Nitrogen dioxide pollution in the atmosphere has decreased in the United States and Europe but increased in the Middle East and parts of Asia, researchers say.
More than 15 years of atmospheric observations and measurements by satellites have revealed both increases and decreases in air quality, the European Space Agency reported Monday.
Nitrogen dioxide from the use of fossil fuels is a significant pollutant in the troposphere, the lowest portion of our atmosphere, researchers said.
But why increases in some areas while other areas experience decreasing levels?
"The changes observed from space can be explained by two effects: increased use of fossil fuels in evolving economies, leading to increased pollution, and improvements in technology -- like cleaner cars -- leading to reduced pollution [in developed countries]," Andreas Richter of the Institute of Environmental Physics at the University of Bremen in Germany said.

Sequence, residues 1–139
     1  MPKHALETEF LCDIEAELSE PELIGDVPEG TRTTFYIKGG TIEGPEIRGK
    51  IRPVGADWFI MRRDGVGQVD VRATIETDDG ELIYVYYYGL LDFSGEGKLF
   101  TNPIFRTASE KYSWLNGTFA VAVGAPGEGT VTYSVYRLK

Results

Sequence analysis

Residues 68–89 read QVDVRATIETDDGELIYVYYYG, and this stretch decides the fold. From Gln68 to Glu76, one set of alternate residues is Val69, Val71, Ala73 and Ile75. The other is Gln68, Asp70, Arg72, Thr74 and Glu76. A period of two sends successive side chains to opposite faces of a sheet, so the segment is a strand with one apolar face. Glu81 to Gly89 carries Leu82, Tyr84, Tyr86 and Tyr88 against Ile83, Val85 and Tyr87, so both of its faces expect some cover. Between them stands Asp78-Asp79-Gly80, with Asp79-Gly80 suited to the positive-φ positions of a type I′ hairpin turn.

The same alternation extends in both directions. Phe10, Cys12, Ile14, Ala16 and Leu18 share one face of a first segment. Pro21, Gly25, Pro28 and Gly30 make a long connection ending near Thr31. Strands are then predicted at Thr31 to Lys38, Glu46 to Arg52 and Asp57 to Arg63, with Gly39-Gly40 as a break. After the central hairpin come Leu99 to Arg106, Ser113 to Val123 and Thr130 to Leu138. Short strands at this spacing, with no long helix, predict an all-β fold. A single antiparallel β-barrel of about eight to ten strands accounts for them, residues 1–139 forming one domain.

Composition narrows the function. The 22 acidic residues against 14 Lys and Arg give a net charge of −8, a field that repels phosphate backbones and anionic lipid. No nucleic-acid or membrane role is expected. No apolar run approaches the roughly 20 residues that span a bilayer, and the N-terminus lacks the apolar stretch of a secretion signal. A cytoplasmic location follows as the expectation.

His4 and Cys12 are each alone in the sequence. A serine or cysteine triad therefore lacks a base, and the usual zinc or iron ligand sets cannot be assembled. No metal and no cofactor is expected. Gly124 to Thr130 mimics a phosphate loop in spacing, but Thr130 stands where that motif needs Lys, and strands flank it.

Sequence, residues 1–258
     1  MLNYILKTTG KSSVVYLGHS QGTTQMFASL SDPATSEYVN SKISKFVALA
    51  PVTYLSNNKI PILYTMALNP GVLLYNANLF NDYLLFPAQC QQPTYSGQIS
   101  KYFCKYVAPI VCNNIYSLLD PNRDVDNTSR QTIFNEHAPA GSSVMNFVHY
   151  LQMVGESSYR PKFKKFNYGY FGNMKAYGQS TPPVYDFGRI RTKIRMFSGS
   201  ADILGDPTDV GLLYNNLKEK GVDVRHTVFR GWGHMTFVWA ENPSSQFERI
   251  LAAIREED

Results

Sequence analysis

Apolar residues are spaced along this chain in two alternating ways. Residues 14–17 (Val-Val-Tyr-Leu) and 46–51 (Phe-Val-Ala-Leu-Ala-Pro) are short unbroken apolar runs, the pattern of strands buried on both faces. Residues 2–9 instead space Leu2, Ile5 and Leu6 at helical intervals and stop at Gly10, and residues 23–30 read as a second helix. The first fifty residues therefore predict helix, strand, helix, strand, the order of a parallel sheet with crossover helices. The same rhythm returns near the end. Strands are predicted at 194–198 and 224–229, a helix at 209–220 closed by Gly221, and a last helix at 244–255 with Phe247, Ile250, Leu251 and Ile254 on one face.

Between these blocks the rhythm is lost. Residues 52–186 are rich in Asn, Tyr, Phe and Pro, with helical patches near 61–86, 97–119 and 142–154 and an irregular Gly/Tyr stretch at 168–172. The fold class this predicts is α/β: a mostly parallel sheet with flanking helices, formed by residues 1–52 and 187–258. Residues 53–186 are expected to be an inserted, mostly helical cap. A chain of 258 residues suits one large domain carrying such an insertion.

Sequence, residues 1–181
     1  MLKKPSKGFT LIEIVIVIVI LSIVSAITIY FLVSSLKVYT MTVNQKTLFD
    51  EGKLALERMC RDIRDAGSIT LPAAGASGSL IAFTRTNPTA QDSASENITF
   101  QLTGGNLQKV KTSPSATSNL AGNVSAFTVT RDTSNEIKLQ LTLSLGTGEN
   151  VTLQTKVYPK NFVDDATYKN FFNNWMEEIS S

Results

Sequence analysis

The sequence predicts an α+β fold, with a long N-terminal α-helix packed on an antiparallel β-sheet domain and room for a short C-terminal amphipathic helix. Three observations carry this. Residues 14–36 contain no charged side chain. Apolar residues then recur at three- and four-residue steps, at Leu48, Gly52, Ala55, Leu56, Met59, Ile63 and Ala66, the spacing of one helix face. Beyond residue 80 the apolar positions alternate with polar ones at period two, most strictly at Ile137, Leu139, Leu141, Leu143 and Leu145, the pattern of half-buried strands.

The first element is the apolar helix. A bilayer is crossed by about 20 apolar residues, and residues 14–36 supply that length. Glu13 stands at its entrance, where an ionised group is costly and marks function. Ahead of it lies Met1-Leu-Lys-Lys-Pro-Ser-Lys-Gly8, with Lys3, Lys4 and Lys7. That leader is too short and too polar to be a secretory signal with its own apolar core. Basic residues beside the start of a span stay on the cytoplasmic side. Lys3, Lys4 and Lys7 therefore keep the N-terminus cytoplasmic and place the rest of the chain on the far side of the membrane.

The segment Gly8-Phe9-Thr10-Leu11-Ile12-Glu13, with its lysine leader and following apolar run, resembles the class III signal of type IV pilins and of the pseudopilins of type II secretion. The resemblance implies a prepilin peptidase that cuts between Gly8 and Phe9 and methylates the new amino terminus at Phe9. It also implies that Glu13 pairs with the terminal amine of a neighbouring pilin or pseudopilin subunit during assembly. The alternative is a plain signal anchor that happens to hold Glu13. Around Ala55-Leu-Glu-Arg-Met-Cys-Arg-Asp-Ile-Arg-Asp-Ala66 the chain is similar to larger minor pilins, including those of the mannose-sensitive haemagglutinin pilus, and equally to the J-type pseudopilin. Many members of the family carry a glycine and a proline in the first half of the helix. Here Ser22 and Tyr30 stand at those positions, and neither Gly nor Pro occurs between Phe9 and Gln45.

"These changes in pollution levels are surprisingly rapid, and satellites are the only way to monitor them globally."
Satellite observations of nitrogen dioxide began with the launch of the ERS-2 satellite in 1995 and are ongoing using the ESA's Envisat, NASA's Aura and the European MetOp satellites.
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